NORFOLK, Va. - The numbers can be a startling and sobering reality.
Figures from the Centers for Disease Control and Prevention show that traumatic brain injuries contribute to about 30% of all injury deaths, meaning everyday 153 people in the United States die from injuries that include TBI.
For those who survive a TBI, the effects can last a lifetime.
Behind the figures though, are thousands of stories proving TBIs don't discriminate.
For 16-year-old Tyler Ivie, the first hit came during one of his first football games at Cox High School in Virginia Beach last fall.
Then earlier this year, he hit his head again while outside enjoying a snowfall that blanketed the region.
"Tired all the time. I guess the only thing I could really do is chill inside, try to get better. Just exhausted. Headaches," Ivie said of his symptoms after the hits in an interview with News 3 anchor Todd Corillo.
For retired Navy Special Warfare Operator Nick Baggett, returning from his final deployment in 2012 brought on a life that had become anything but pleasant.
"Painful to do this, painful to do that. Fell a lot. Stumbled a lot. Walked with a cane. Walked with leg braces," Baggett commented.
Baggett traces the start of his problems to boxing.
"Prior to the Navy, I boxed a lot as a young kid. I boxed and boxed. And you would box so much that you would get a screaming headache."
Those early hits were then compounded by years of intensive military work.
When he joined the Navy in 1983, the phrase "traumatic brain injury" wasn't a thing and later that wasn't the only issue.
"When the buzzword TBI started coming out, everybody just assumed you had to have been blown up in a Humvee or roadside bomb or something and that's not the case," Baggett said.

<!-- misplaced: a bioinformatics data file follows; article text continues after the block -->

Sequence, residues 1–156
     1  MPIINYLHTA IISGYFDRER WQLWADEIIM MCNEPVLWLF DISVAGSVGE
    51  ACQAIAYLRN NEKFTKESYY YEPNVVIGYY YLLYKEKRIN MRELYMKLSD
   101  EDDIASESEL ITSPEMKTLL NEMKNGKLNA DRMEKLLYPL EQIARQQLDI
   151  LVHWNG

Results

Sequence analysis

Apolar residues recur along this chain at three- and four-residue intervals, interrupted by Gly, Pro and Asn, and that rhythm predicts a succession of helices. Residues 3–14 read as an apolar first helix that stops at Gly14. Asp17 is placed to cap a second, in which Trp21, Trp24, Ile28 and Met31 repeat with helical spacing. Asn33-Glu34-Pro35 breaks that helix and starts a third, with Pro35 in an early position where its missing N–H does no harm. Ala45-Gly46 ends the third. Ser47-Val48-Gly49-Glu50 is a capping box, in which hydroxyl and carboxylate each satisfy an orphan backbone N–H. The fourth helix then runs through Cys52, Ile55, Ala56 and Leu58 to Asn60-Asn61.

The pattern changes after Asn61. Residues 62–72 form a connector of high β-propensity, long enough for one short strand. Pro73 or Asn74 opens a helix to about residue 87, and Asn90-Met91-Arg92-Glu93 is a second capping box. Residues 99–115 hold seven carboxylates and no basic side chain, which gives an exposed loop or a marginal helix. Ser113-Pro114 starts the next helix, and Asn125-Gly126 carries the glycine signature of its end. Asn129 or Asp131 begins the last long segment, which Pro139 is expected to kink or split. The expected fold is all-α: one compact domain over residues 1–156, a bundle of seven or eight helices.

The military is paying a lot of attention to the issue.
On April 27th, Captain Thomas Johnson, director of the Intrepid Spirit Concussion Recovery Clinic at Naval Hospital Camp Lejeune, testified before Congress on the importance of traumatic brain injury programs.
"TBI has been described as the signature injury of the conflicts in Iraq and Afghanistan. Since 2000, more than 360,000 service members have been diagnosed with a TBI," Johnson noted.
Whether it's military or civilian though, the signs of a TBI can be easy to miss - or worse, ignore.
In Ivie's case, the family did everything they were supposed to after the first football hit.
"We went in and saw our primary care physician. They checked him out. We sat out the allotted amount of time, so you know we did the protocol," his mother Jill explained.
It wasn't until after the fall in the snow and a marked change in behavior though that it became apparent what was wrong.
"He was pulling in, didn't want to go out anymore. A little depressed and," his mother Jill began before Tyler finished, "I couldn't continue my everyday activities."
Both Ivie and Baggett found relief at Hampton Roads Hyperbaric Therapy with Hyperbaric Oxygen Therapy, which involves breathing 100% Oxygen at a prescribed depth. While insurance does not cover the therapy for use as treatment as brain injury, both say they have been helped by it.
In Bagett's case, the changes he saw from treatment were so dramatic, he started working there part-time.
"I have made such great improvements, I don`t wear leg braces anymore. I do limp but I don't fall down as much. I can stare at you, I can complete a sentence."
From both Ivie and Baggett there is a common message when it comes to TBIs: keep fighting for your health and certainly don't hide from it.
"Don't hold things in and if you have an injury, take it seriously. Especially a brain injury, take it seriously. Let people know, your health is more important than the sport," Ivie exclaimed.
Learn more about traumatic brain injuries and the resources to help from the Centers for Disease Control and Prevention here.